Ukrainian Inflation Unexpectedly Quickens on Tariffs, Hryvnia
Ukrainian inflation, the world’s second-fastest, accelerated for the first time in seven months in November, spurred by higher utility tariffs and a weaker hryvnia.
Consumer prices advanced 46.6 percent from a year earlier after rising 46.4 percent in October, the Kiev-based statistics committee said Monday on its website. That exceeds the 45.7 percent median forecast of five economists in a Bloomberg survey. Inflation was 2 percent from the previous month compared with minus 1.3 percent in October, it said.
Ukrainian inflation has soared since the nation’s political and military conflicts sent the hryvnia tumbling and prompted the government to raise prices for hot water and heating to narrow the budget shortfall and meet the terms of a $17.5 billion bailout. The central bank kept its benchmark interest rate at 22 percent in October after price growth topped its forecast. It plans to trim borrowing costs “significantly” next year as long as a 12 percent inflation goal is met, according to Governor Valeriya Gontareva.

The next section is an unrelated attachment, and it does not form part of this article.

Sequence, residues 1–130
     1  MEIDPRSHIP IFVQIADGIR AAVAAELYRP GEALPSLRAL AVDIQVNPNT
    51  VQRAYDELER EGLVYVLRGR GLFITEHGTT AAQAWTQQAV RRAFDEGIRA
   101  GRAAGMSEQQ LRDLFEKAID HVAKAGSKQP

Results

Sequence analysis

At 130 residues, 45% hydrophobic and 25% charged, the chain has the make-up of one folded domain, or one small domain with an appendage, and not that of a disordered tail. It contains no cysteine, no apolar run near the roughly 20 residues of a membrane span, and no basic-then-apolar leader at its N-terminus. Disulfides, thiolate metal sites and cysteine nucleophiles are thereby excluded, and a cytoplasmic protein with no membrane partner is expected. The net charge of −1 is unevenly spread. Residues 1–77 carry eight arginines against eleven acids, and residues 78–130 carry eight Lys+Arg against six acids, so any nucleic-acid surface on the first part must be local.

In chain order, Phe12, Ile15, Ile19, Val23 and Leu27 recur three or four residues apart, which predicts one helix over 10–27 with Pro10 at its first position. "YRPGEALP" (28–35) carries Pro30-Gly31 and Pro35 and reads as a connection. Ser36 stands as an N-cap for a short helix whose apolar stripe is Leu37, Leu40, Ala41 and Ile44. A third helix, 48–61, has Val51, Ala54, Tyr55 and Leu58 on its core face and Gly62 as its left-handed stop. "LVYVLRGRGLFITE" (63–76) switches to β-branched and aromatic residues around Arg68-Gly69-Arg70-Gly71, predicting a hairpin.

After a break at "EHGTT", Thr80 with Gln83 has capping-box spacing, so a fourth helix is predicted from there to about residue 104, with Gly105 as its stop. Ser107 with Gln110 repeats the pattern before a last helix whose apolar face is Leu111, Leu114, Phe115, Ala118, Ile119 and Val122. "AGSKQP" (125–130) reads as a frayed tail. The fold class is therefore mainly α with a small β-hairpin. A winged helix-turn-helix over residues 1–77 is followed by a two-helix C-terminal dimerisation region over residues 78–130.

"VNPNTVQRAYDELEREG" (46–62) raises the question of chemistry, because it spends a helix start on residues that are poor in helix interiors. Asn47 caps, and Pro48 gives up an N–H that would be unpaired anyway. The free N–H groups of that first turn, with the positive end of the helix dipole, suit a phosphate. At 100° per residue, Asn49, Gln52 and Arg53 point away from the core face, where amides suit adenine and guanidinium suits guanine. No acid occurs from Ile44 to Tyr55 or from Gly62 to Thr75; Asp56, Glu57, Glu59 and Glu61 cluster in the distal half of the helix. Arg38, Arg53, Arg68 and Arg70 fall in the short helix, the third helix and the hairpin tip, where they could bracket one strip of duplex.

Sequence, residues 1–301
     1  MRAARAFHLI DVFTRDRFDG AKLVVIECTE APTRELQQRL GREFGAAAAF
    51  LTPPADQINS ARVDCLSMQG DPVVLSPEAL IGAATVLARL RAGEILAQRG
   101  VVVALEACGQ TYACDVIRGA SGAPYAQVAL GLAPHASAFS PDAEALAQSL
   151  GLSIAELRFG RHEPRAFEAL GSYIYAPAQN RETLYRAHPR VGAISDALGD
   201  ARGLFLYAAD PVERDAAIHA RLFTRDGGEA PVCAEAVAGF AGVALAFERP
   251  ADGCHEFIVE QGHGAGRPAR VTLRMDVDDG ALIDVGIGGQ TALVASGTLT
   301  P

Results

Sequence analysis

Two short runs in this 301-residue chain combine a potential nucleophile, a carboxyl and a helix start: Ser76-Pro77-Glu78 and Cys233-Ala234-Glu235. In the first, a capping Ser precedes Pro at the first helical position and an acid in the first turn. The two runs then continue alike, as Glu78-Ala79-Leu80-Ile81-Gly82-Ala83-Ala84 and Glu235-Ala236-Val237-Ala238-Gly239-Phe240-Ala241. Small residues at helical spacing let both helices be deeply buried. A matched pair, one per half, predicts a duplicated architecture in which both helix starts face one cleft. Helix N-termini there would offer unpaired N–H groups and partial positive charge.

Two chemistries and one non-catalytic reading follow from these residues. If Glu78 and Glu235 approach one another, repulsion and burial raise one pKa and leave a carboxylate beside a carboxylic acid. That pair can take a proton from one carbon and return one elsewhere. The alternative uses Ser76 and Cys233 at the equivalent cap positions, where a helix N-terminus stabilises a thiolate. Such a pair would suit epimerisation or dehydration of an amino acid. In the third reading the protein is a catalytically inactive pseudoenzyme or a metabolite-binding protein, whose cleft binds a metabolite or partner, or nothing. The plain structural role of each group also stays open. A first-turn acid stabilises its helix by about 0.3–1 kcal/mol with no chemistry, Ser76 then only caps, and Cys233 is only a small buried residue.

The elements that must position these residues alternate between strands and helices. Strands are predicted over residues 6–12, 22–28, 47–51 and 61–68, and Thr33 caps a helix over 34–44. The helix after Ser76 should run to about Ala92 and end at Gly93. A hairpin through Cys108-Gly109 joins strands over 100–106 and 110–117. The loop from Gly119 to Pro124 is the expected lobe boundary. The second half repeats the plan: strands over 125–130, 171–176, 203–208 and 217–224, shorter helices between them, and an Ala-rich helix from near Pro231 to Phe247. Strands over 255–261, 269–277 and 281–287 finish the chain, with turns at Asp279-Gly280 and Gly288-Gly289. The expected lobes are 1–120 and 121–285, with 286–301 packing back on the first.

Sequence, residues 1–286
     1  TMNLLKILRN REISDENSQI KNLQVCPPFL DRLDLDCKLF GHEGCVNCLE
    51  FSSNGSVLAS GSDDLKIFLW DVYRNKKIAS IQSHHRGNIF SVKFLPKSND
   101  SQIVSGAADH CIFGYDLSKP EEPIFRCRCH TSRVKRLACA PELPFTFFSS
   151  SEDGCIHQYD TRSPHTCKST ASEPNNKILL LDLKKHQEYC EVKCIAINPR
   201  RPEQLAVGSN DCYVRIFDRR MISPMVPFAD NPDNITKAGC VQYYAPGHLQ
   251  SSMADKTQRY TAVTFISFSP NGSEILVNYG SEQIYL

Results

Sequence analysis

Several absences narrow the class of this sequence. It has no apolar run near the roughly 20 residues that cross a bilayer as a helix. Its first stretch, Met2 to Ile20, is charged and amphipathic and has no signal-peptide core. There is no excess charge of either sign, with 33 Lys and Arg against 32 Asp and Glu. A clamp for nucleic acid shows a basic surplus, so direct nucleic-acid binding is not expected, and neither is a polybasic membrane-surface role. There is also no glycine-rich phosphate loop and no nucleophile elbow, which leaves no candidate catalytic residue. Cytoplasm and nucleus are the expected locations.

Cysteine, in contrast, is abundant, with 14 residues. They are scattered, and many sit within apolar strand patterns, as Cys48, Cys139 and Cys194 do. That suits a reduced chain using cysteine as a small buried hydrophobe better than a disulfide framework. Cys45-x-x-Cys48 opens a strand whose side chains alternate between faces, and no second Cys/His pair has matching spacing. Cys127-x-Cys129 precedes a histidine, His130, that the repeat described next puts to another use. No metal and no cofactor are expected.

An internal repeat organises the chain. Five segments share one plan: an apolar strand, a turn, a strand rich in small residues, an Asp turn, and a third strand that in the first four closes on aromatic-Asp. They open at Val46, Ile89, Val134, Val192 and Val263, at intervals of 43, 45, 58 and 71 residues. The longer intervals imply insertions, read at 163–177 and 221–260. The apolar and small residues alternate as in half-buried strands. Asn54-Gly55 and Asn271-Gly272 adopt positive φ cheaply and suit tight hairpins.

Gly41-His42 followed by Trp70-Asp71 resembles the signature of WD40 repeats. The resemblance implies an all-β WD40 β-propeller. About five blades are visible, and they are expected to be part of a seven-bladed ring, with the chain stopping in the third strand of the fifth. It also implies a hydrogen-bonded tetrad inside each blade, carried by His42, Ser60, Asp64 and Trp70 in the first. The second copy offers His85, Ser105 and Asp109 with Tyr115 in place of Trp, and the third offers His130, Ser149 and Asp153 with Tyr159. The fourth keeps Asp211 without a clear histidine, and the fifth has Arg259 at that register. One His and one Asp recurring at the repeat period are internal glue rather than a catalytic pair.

“Inflation was mainly driven by one-off factors, namely, the second stage of the heating-tariff hike, and market turbulence that prompted importers to raise prices,” Olena Bilan, chief economist at investment bank Dragon Capital in Kiev, said by phone. “Inflation will significantly decelerate starting in March or April next year as the effects from this year’s devaluation pass-through fade.”
The hryvnia, which lost almost 4 percent against the dollar in November, has strengthened about 3.5 percent this month, data compiled by Bloomberg show.